The Union Budget 2021, to be announced on 1 February 2021, is expected to be one of the most consequential Budgets post the COVID-19 pandemic for the country.
Considering the pandemic’s effect on the economy, it will be important to understand the impact of the Budget on the retail sector.
The Textile Ministry has taken up the industry demand for implementing a uniform GST (Goods & Services Tax) structure for apparels and textiles to address the problem of higher duties on inputs and abolishing anti-dumping duties on viscose staple fibre (VSF) with the Finance Ministry for redressal in the forthcoming Budget.
In the last Budget, the Finance Ministry had removed anti-dumping duties on purified terephthalic acid (PTA), which is an important input in the manufacture of textile fibres and yarns.
The move hit domestic manufacturers of PTA such as Reliance Industries, JBF and Indian Oil but benefited thousands of fibre, yarn and garments producers who could source the input much cheaper.
In November 2020, the government withdrew ant-dumping duty on acrylic fibre to enable sweater and shawl manufacturers get the raw material at competitive prices.
Textile associations such as the Southern Indian Mills Association, Indian Texpreneurs Federation, and Northern India Textile Mills’ Association have given representations to the Centre seeking removal of anti-dumping duties on VSF to prevent stoppage of production across the value chain and save jobs from getting lost.
On the demand for implementation of a uniform GST structure for textiles, the official said the present rates were creating an inverted duty structure, where taxes on inputs are higher than that on output, and blocking working capital.
At present, man- made fibre is taxed at 18 per cent, spun yarn and filament yarn at 12 per cent and final output, including garments, at 5 per cent.
Furthermore, in the past few months, the Government of India has been introducing a series of amendments to the ATUFS also.
TEAM PERFECT SOURCING spoke to some industry experts on their expectations from the budget
Our general expectations related to our garments industry are that theCovid support emergency credit loan has not been given to SMA 1&2 categorized units which needs to extended because they too are very badly affected and extending support to them would ensure the complete revival of the industry.
Being labour intensive industry we requested for a collective effort to build alabour supportive infrastructure like housing and related amenities.
For which we have requested if Industry by Suamoto comes and invest to promote this cause for their workers that investment need to be treated as an expenditure with double weightage.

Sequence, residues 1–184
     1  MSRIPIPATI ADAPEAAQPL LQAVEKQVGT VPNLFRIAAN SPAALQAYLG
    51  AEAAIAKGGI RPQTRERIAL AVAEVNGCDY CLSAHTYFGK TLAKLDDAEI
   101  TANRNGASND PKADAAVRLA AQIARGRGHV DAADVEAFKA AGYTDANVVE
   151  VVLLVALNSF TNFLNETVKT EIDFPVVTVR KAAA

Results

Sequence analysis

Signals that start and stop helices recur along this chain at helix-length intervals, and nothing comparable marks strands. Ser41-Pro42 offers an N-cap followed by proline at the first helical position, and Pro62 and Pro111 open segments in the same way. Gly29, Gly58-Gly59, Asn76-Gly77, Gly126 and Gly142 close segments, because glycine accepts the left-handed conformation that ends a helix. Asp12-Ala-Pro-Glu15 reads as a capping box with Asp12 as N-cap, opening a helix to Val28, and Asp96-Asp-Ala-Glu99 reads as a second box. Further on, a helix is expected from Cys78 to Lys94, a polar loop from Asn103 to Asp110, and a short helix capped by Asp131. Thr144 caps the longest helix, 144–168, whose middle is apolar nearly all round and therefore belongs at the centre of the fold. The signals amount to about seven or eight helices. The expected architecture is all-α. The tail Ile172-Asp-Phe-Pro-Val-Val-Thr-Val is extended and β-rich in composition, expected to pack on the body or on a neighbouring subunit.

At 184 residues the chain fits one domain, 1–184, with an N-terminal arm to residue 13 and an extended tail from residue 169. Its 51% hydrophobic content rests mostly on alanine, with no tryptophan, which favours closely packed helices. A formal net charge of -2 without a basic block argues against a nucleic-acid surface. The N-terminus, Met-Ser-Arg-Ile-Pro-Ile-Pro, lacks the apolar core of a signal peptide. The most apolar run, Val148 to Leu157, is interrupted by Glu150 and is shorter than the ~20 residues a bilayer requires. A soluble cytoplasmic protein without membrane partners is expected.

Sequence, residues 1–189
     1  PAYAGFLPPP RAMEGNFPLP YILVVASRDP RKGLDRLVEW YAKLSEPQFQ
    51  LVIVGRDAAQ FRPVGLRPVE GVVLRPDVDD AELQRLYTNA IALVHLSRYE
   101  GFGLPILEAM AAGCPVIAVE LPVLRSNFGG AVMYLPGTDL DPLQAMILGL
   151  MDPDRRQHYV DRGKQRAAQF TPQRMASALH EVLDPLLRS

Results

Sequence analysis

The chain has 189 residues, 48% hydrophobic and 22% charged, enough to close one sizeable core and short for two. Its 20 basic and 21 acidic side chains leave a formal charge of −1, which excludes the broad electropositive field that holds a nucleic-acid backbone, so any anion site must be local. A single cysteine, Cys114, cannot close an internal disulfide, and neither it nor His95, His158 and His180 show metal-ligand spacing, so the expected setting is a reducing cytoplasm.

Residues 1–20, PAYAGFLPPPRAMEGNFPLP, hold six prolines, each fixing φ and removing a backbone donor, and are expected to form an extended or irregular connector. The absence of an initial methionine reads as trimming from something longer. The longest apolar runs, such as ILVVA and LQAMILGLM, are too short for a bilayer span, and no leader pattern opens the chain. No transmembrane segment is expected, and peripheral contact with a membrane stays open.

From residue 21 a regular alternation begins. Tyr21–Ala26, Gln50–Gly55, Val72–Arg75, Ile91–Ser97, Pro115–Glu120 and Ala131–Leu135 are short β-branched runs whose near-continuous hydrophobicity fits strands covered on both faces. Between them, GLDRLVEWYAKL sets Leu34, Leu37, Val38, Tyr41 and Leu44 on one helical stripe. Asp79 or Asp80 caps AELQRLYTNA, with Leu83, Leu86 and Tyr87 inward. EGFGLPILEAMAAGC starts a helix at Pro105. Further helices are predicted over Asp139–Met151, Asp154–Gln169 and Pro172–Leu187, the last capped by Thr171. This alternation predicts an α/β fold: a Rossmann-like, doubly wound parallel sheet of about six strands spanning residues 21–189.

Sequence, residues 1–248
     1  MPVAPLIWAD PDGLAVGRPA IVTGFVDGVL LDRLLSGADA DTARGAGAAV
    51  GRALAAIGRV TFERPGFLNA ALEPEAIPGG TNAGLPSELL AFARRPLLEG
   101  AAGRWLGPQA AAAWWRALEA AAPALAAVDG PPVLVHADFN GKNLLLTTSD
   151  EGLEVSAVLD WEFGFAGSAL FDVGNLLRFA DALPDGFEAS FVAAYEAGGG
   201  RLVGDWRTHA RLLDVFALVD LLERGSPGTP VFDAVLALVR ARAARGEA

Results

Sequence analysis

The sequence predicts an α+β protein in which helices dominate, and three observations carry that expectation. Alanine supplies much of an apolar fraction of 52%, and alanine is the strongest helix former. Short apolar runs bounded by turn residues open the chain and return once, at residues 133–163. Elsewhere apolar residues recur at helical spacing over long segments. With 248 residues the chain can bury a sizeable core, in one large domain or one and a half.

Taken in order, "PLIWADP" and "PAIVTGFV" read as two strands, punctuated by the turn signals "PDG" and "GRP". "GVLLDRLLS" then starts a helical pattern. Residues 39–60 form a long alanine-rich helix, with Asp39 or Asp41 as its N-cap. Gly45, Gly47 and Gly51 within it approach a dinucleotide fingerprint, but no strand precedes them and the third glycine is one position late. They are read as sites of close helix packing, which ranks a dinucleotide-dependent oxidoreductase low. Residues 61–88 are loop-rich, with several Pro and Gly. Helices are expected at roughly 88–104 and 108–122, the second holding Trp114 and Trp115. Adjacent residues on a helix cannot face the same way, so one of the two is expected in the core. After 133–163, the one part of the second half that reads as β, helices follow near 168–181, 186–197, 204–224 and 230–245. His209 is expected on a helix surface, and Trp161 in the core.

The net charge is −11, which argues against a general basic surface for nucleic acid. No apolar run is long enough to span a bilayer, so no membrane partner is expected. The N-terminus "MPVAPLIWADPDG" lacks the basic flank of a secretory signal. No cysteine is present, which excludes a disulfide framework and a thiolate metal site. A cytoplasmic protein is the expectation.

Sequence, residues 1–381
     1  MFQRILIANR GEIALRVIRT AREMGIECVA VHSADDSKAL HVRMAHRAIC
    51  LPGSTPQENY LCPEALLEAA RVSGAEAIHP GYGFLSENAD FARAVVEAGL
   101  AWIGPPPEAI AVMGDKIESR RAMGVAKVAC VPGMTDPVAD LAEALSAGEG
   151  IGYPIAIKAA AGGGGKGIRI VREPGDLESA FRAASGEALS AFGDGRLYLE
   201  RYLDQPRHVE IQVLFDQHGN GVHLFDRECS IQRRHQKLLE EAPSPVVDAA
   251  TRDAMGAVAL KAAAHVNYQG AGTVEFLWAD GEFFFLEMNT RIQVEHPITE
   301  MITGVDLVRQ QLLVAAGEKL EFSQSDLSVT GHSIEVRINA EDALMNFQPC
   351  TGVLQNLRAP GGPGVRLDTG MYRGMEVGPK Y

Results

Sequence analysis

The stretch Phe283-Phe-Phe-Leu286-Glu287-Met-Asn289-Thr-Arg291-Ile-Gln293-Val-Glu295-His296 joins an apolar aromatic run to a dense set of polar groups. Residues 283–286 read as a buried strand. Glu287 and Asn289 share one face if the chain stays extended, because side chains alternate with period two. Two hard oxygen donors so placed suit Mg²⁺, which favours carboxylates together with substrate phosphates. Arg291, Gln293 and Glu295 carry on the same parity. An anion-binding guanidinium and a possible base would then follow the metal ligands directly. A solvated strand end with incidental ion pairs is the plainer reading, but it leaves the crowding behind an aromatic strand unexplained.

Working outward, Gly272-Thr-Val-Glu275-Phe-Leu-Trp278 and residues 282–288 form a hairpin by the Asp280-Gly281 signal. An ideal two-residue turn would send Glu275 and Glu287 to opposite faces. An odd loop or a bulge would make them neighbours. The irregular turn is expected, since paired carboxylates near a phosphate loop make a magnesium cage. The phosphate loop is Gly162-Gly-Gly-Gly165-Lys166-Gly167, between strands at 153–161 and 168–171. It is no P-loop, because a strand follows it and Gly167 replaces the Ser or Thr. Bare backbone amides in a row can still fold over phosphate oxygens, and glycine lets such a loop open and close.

We also expect that a R&D center be developed in Tirupuras it will be a big support to small and medium sized companies in terms of designs.
Raja M Shamugham, President, TEA.
The Textile Industry needs a package of relief in the upcoming budget.
A revision of the Technology Mission on Cotton with a focus on transfer of technology, clean cotton branding for Indian cotton and cotton textile products is much needed to revive the industry.
Expeditious conclusion of FTA agreements with the UK, EU and US and the removal of “anti-dumping duty on import of VSF will help the textile achieve global competitiveness as the demand for viscose staple fiber and its blended textiles and clothing market opportunities has increased steeply not only in India, but also across the globe.
The government should look at attractive rates of newly implemented scheme RoDTEP to take care of state and central embedded taxes.
RS Jalan, MD, GHCL Limited
We expect the government to help the traders especially in textile and garment businesses, who have been facing many challenges ranging from lack of demand to capital woes.
The Union Budget should announce three years’ income tax rebate for traders who are affected by Covid-19 pandemic.
The Government should provide special financial package to small and medium traders and give bank loans at 6 per cent for big and corporate traders.
The way the loans are being offered to MSMEs under SIDBI now. Textile industry has been demanding abolition of duty levied on Purified Terephthalic Acid (PTA) to remain globally competitive.
Ammanabolu Prakash, President, Telangana State Federation of Chambers of Commerce and Trade (TSFCCT)
We appeal the Govt to raise customs duty on man – made yarns to 10%, which is currently at 5%.
Unreasonably low priced import is one of the primary issues confronted by domestic MMF industry.
Man-made yarn sector which is one of the largest employment generating segment within the textile industry and it’s highly capital and labour intensive industry as well.
The unreasonably low-priced imports of man-made yarn into India have been causing considerable amount of injury to domestic manufacturers for last five years or so.
Sanjay Garg, President NITMA